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The Courts Apple Your Rights Online

Amazon Responds To "App Store" Lawsuit From Apple 414

Posted by samzenpus
from the make-up-your-own-name dept.
tekgoblin writes "Apple had filed a lawsuit in March against Amazon's use of 'App Store' in their newly launched Amazon AppStore. Apple had informed Amazon that using the term 'App Store' was unlawful because they owned the rights to the term itself. In their response Amazon indicates that the term 'App Store' is too generic for Apple to lay claim to the name itself."
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Amazon Responds To "App Store" Lawsuit From Apple

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  • Re:Dear God... (Score:5, Interesting)

    by spun (1352) <loverevolutionary@@@yahoo...com> on Wednesday April 27, 2011 @02:57PM (#35956122) Journal

    No, "Windows," as applied to computing, is not generic at all. "App" can only be applied to computing, and in that context, it is quite generic. A better example would be if Microsoft had named Windows, "Operating System."

  • by Morgaine (4316) on Wednesday April 27, 2011 @03:36PM (#35956552)

    Why is it that companies seem to think that they can cordon off words from the natural language wordspace and treat them as private "property"? The fact that their governments give them a piece of paper confirming ownership merely shifts the question, because governments don't have any inherent rights over the wordspace either.

    The phrase that Apple might rightly consider theirs in the US market is "Apple App Store", but even that should not be treated as exclusive if Apple Records or Apple Corps or some other Apple ever wanted to open an app store.

    When you adopt a generic term as part of the your product name, you have to live with the consequences of non-exclusivity.

  • by Your.Master (1088569) on Wednesday April 27, 2011 @03:39PM (#35956592)

    The term app was used as an abbreviation for application long before Apple added it to the iPhone. Google Apps existed before the iPhone. Slashdot had discussions about Apps [google.com].

    The term "app" seems generic because it's generic, not because it's popular. Windows does not sound generic to me when talking about Operating Systems. Kleenex does, I grant, because "facial tissue" is not a term I ever learned; but this isn't like Kleenex at all. Nobody is claiming that the term "clean" comes from Kleenex. It's more like somebody today trying to defend a trademark on the term "boxing gloves" because before 2011 nobody used the term "boxing" for anything but packing and unpacking. It's just not true.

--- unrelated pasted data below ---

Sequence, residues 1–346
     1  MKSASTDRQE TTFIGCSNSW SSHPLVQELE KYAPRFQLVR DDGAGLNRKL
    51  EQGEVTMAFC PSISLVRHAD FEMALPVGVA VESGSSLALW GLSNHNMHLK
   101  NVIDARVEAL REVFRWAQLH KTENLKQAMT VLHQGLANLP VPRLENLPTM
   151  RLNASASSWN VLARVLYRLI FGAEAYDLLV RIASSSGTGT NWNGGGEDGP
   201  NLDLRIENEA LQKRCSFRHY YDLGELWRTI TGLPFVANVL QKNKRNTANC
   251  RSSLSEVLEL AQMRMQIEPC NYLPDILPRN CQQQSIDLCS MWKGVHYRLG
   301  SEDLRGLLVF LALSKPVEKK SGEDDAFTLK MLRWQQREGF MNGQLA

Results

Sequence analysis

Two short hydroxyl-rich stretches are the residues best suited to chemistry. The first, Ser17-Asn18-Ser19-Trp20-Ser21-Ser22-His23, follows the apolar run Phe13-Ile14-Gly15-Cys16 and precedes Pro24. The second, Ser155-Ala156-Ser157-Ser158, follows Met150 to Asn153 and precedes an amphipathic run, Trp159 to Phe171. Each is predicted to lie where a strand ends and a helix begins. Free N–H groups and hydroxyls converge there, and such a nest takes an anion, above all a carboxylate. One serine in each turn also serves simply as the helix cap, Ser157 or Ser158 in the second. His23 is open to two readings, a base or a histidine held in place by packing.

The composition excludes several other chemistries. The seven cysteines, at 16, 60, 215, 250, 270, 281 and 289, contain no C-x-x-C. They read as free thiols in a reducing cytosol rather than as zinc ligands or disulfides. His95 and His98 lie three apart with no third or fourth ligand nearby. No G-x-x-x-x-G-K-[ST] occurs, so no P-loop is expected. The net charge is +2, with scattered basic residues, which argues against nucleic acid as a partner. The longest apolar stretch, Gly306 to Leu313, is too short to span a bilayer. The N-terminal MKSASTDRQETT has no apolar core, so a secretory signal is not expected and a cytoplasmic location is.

Also, do people seriously use "app" for "appetizers"? Or is there some other reason you would use app in a restaurant?

  • by Dialecticus (1433989) on Wednesday April 27, 2011 @03:46PM (#35956708)
    According to a related article at The Register [theregister.co.uk], as recently as October of 2010, Steve Jobs himself publicly called Apple's app store "the easiest-to-use, largest app store in the world, preloaded on every iPhone." So it would appear that even Cupertino is using the phrase app store generically in reference to its competitors. I'd call this tidbit a crushing blow to Apple's case.

    Thanks, Steve! We all app-reciate it.
  • Re:Dear God... (Score:3, Interesting)

    by cpu6502 (1960974) on Wednesday April 27, 2011 @04:46PM (#35957354)

    >>>I'm sure Apple is objecting to the use of the word "Store". :-)

    Your joke is not as funny as you believe. Amazon was sued in the mid-90s for calling itself "the world's largest bookstore". Barnes&Noble claimed that it isn't a store, therefore should not use that term, and the idiotic courts agreed, forcing amazon to drop the label. (In my opinion, a place where you store books, food, widgets, et cetera can call itself "a store".)

  • by asynchronous13 (615600) on Wednesday April 27, 2011 @07:02PM (#35958490)

    You are barking up the wrong tree. You are correct that Apple did not invent the term "App", but that has no bearing on the validity of the trademark.

    "Open Happiness" is trademarked by Coca-Cola. Certainly no one claims that either word was invented by the company. PespiCo would be legally liable for using that phrase in an ad-campaign, however, a company in a different market (Dell for example) could probably use "Open Happiness" for computer sales without issue.

    Are you familiar with "The Container Store". It's a store where you buy, wait for it, containers!! And yes, "The Container Store" is trademarked. No other company selling containers can use that name. Similarly, Apple was granted a trademark for "App Store". Just because App Stores have more competition than Container Stores at the moment does not make the trademark any less valid.

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